It seems like every week there is a news story about massive flooding happening somewhere in the world. It is heartbreaking to see the devastation as people’s lives and homes are destroyed in a matter of minutes without warning.
I saw one particularly sad story where a retired couple lost everything they had worked for their entire lives. It reminded me that floods aren’t the only danger to our hard-earned assets. While the whims of mother nature may be out of our control in these kinds of disasters, there are things new and future retirees can do to protect themselves and their retirement life savings from being washed away.
Most notably, taking care of our health.
You may not have considered the impact that medical expenses in retirement could have on your savings, especially if you have had the benefit of an employer health plan while you are working. Some of us will lose those benefit plans when we retire, and even with universal health care, medical costs can add up.
According to a BMO Wealth Institute report, Canadians expect to spend an average of $5,391 in out-of-pocket medical expenses every year after the age of 65 – that’s a whopping $135,000 if you live to be 90 and remain in relatively good health!
Older Canadians spend about $7.5 billion a year on prescription drugs for chronic health problems which require regular medication. And, if you require assisted care at some point in your life, you could be spending up to $75,000 a year. No wonder 74 per cent of the Canadians think medical costs will be their biggest expense in their senior years.
That’s a hefty price tag that could be offset by maintaining a healthy and active lifestyle. Yet, for many baby boomers, health and wellness have been put on the back burner as we focus our time and energy on maintaining our careers, aging parents, and adult children.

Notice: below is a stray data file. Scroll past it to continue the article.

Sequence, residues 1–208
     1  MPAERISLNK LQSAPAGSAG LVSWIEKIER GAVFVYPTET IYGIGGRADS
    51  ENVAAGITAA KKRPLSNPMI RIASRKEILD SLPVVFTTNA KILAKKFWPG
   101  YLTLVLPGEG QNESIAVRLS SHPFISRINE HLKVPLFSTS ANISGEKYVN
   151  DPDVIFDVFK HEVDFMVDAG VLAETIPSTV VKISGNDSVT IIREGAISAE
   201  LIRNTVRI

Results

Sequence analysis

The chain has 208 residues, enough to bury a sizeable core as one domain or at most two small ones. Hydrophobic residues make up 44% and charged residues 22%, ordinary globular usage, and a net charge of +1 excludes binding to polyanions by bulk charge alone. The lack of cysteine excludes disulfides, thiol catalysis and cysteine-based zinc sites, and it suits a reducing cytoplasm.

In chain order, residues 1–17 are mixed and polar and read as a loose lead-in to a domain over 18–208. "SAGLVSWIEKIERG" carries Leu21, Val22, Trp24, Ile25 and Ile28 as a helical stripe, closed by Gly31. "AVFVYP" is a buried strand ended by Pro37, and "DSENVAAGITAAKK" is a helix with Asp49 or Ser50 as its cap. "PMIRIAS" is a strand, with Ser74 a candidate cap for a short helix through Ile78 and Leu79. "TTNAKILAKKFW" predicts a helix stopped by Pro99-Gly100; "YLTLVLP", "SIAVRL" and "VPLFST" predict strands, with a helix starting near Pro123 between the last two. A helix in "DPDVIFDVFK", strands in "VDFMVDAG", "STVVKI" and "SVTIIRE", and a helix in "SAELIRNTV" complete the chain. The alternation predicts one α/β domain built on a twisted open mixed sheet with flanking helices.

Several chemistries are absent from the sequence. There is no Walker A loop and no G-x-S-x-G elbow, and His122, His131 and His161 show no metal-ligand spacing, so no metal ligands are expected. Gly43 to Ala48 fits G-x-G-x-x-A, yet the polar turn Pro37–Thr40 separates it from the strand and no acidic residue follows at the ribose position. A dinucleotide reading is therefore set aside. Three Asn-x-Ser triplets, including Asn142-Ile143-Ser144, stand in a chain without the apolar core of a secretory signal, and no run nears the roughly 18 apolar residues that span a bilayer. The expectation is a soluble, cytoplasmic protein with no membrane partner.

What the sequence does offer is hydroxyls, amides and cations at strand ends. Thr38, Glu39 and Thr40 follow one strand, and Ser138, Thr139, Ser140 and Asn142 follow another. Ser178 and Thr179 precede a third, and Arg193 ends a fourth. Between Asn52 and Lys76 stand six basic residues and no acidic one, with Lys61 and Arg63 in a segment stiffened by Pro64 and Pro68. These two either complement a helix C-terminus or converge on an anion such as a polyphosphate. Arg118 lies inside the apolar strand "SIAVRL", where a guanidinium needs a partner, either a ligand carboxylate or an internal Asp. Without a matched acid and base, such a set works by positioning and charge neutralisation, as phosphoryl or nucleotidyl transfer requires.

40% of retirees will struggle with day-to-day mobility issues
What’s at risk is the ability to achieve the active and happy retirement we desire. A recent Sun Life Financial survey revealed that 41 per cent of Canadians who retired early cited personal health as the reason. Another survey found that about 40 per cent of baby boomers said it was difficult for them to kneel or stoop, stand for two hours, walk a quarter of a mile, climb 10 steps without resting, sit for two hours, lift and carry 10 pounds, reach over their heads, push or pull a large object, or grasp small items.
That means 40 per cent of us are going to struggle on a vacation that requires some walking, standing or holding onto a rail. It means spending time on the floor or in the yard with grandchildren is going to be painful and limited, instead of fun and engaging. Pastimes like gardening, biking, or watching a movie may also be less enjoyable than before.
The evidence is clear: allowing your assets — first physical and then financial — to wash away due to poor health carries significant consequences. Having a functional body in retirement is of equal, if not more, value than having the proper savings and asset allocation.
What are you doing to look after your body and ensure you stay as healthy as possible in your retirement?